How to stretch your vacation dollars

How to stretch your vacation dollars

Rick Emerson, author of "Zombie Economics," knows how to make his travel dollars travel farther.  He stopped by the AM Northwest studios this week to share his money-saving tips.

Q: One of the biggest vacation costs is air travel. How can families save money when it comes to flying?

A: Flexibility is key; if you’re able (and willing) to adjust your departure and/or arrival time, you’ll see the range of available airfare prices immediately broaden. How much you’re willing to adjust (from a few hours to a day or more) plays a part, but if you can handle some wiggle room in your actual trip dates, it can make a big difference.

If your bag weighs more than 50 pounds, most airlines will charge you extra – sometimes as much as $150. (And if it’s large and heavy, they’ll tack on another, separate fee.) If you absolutely can’t get the weight of your luggage down, consider shipping it via UPS or another delivery service – it might actually be cheaper.

As always, the factors are money, time, and your personal sanity....and sometimes, trading one for another just isn’t worth it. HipMunk.com is a great website for calculating travel stress; the site lets you rank travel options by an “Agony Index”, which calculates a trip’s price, duration, and number of stops. This helps you decide, for example, if saving money is worth an extra layover (or two).

Q: During the summer, hotels often have travelers over a barrel, and rates can skyrocket. Is there a way to cut lodging costs (without staying in a dive)?

A: Don’t get hung up on stars. Many websites and travel guides rank hotels and resorts according to the number of stars they have. These rankings, though, can be arbitrary and/or misleading. For example: a hotel may gain (or lose) stars based on how vegan-friendly it is, or on the presence of a gymnasium...factors which may or may not matter to you. When in doubt, go with your gut instinct – don’t be swayed by stars.

Consider a private vacation-rental service. Many companies (such as Air BnB and HomeAway.com) match homeowners or property managers with travelers, providing short-term lodging in unoccupied homes, condos, etc. My wife and I used Air BnB on our last trip to New York; for the price of three nights in a hotel, we rented a furnished apartment for seven days. We saved money, we were more relaxed, and had a better “New York experience” to boot.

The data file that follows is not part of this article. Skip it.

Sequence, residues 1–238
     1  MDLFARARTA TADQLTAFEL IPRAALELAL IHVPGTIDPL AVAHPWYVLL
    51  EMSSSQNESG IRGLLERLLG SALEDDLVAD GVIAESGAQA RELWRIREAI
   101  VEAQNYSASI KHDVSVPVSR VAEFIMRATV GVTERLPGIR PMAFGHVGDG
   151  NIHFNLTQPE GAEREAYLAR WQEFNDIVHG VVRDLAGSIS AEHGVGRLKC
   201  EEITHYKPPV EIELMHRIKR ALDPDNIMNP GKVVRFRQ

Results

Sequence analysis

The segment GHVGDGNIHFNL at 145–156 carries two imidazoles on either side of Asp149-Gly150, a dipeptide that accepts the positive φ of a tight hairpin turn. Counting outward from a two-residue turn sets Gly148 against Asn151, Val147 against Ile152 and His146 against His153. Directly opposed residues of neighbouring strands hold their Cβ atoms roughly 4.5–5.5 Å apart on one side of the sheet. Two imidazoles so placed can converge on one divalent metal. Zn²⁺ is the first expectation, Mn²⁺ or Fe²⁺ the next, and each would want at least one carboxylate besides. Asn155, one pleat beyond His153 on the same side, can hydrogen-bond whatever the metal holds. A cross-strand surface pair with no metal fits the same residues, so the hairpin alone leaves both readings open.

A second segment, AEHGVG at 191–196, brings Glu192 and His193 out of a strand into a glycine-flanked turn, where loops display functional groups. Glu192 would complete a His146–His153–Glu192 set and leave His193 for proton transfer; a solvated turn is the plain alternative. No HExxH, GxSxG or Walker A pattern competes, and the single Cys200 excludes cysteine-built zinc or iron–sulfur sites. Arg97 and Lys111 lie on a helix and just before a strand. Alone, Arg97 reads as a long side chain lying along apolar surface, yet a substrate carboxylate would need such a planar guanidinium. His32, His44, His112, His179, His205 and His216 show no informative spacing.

Q: A lot of vacations center around the car – either driving to get there or renting a car when you land. What should people know when they’re planning this out?

A: Prepay for your rental car (if possible). Some rental agencies charge a flat fee, provided you don’t exceed a certain amount of mileage on the car. Paying up front like this can save you as much as 35% of the standard rental cost.

Rent a fuel-efficient car. Even if gas were only $2.00 a gallon, a 10-miles-per-gallon difference would add up to more than $600 a year. So, with gas prices at their current levels, saving money for even a few days can make a difference to your wallet. FuelEconomy.gov is a good place to get more info.

When driving your own car on vacation: Choose exits with more than one gas station – the competition will likely keep prices somewhat lower. (And if an exit has several gas stations, choose the one farthest away from the offramp – it’s most likely to serve the locals, and to have local prices.)

Also, for whatever reason, rest stops named after regional or historical figures tend to have slightly lower prices – strange but true.

Q: Couples without kids (or whose kids are grown) have different options when it comes to a summer getaway, but may still want to save money. What’s a good approach?

A: Consider a cruise. Cruise lines are currently trying to rehabilitate their image after a couple of high-profile “incidents” over the past 18 months. As a result, their rates are lower than they have been in years, especially for couples. If you’ve had your eye on a cruise that goes to the Caribbean or Europe, this is a good time to look into that, because the industry badly wants your business.

Couples traveling without kids also have the benefit of added flexibility in terms of travel dates; this can make a big difference in the ability to shave costs off of airfare and hotel stays.

Q: A lot of vacation costs can feel like blackmail – items or services that you need right then and there. Is there any way to avoid (or minimize) these expenses?

A: Look for alternative sellers of certain products beforehand. Many theme parks and other large family attractions now offer their tickets (at large discount) through supermarket chains or club stores such as Costco. Often, this can save you up to 25% off the face value...and you’ll avoid standing in line, to boot.

One of the biggest, most stressful, and (sometimes) unavoidable costs is paying for roadside assistance. A flat tire, a dead battery, or a pair of keys locked inside the car can ruin a whole day...or a whole vacation. Consider a roadside assistance club (such as AAA); many credit-card companies and cell-service companies (such as AT&T) also provide roadside-assistance plans for a few dollars a month. Make sure to read the fine print: many of these plans must be activated for 30 days before they can be used.